From 1810 to 1812, Les Cayes became the capital of the southern state administered by André Rigaud. On his voyage there in 1816, Bolivar received, on instructions from Pétion, weapons, ammunition, and money for the liberation of Spanish America.
Les Cayes achieved remarkable economic development and was enjoying great prosperity when it was struck in 1885 and then in 1911 by two major fires that left massive destruction. It gradually emerged from the ruins and today very little evidence remains of this double tragedy.
Les Cayes is sandwiched between two rivers: Rivière de l’Islet and Ravine du Sud, to the north and to the west. Welcoming visitors is a reinforced concrete Calvary sculpture erected in 1913 at the entrance to the city, on the site of the former Saint-Michel Church. A panoramic view is then afforded by a wide boulevard bordered by two streams, Avenue des Quatre-Chemins, so named because it connects the city to the junction formed by the intersection of roads from Cavaillon to Torbeck and from Plaine Les Cayes to Jacob.
Place d'Armes, formerly Place Royale, where the remains of Rigaud, Marion, and Faubert are buried, is the main public square in Les Cayes. This square can be accessed from the Notre-Dame de l’Assomption Cathedral and the Diocese built on the site of the old Arsenal.
The fascinating La Savane district, which was intended for people of color during colony times, “largely contains,” according to Georges Condé, “the history of the city of Les Cayes.” It was destroyed by fire in 1885. Over time, it was transformed into a bustling commercial and craft center. Charities, colleges, and religious schools have moved in, as did the Lycée Philippe Guerrier, built by the Paul Magloire government. There is also the stylish but unused Saint Eustache chapel that served for a long time as a burial ground for members of the German colony in Les Cayes.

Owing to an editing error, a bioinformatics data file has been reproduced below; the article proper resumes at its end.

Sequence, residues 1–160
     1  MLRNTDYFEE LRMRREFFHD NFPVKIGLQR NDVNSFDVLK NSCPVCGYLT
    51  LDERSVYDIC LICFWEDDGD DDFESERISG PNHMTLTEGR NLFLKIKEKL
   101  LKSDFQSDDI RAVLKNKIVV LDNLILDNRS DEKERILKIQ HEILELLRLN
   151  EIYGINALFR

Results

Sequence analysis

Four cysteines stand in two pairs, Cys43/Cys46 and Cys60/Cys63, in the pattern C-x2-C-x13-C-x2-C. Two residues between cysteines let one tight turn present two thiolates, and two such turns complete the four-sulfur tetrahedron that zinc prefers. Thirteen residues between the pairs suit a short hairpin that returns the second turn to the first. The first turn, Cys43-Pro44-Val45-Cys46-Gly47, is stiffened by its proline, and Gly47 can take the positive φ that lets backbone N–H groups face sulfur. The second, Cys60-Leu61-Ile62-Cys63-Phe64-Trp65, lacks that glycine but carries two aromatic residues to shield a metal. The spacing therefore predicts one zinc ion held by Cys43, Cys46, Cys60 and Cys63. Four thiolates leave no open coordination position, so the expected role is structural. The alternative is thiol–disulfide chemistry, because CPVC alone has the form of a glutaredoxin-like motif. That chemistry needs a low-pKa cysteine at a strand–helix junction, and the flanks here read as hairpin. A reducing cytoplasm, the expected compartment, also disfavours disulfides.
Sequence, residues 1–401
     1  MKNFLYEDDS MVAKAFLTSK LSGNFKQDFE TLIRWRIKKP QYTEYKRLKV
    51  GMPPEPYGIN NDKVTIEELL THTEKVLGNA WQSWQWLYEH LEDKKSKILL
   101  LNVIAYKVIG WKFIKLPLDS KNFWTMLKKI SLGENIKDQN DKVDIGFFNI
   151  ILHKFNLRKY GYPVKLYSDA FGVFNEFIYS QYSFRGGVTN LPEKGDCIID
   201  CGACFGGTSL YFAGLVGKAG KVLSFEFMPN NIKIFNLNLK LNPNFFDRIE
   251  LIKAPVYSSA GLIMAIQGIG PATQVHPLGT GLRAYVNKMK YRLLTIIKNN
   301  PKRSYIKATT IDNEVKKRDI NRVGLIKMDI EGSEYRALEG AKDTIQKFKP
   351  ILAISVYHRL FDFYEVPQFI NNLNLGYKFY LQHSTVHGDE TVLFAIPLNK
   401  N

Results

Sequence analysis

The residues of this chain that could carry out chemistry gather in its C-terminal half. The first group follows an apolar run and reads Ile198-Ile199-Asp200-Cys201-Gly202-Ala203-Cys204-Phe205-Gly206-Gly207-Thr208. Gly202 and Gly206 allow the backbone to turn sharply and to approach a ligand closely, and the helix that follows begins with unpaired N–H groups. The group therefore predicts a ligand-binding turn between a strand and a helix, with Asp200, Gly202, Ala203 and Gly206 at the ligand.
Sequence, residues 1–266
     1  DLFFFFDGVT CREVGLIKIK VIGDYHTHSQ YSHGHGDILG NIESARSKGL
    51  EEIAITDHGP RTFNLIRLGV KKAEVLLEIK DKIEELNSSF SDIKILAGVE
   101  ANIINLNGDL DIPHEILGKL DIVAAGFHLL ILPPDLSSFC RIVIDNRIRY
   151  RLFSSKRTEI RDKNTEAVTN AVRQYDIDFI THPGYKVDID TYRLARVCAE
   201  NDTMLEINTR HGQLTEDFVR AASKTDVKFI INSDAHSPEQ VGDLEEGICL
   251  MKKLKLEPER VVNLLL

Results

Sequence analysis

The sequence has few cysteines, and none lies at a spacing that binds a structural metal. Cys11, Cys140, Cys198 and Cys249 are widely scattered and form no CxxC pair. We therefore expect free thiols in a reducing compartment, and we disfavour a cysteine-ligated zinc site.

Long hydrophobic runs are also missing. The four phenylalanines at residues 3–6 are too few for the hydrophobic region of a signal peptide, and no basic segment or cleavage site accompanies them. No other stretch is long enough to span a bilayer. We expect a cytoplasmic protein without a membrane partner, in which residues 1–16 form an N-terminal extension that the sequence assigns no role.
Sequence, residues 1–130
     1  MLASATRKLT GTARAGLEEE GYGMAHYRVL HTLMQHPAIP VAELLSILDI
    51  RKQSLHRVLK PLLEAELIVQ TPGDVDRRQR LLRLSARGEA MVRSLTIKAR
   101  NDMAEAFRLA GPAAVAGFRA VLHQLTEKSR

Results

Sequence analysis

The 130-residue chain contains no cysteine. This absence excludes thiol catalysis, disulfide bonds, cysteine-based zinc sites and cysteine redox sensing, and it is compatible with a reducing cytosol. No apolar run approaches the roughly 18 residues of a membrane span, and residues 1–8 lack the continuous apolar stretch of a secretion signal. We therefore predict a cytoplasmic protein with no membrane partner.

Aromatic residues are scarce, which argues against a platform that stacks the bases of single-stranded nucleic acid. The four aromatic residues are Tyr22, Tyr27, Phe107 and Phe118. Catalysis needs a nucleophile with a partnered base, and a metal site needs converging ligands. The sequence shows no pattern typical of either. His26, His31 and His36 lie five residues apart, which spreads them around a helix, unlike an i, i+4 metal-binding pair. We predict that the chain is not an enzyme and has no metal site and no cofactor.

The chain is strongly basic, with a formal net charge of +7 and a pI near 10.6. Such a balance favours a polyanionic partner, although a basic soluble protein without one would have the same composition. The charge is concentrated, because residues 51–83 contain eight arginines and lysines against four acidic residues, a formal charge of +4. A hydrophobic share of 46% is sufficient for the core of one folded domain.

After the 1911 fire that ravaged the old wooden church that served as a cathedral, a decision was made to put up a reinforced concrete building. It was, however, not until 1924 that the actual construction of the cathedral was to begin, based on the plan by architect Maignan under the direction of engineers Chikel and Savain. The work would continue until 1930. On February 16 that year, Monsignor Pichon dedicated the new cathedral. It would be five years later before the towers were built. In 1950, Monsignor Collignon furnished and decorated the sanctuary and consecrated it the following year.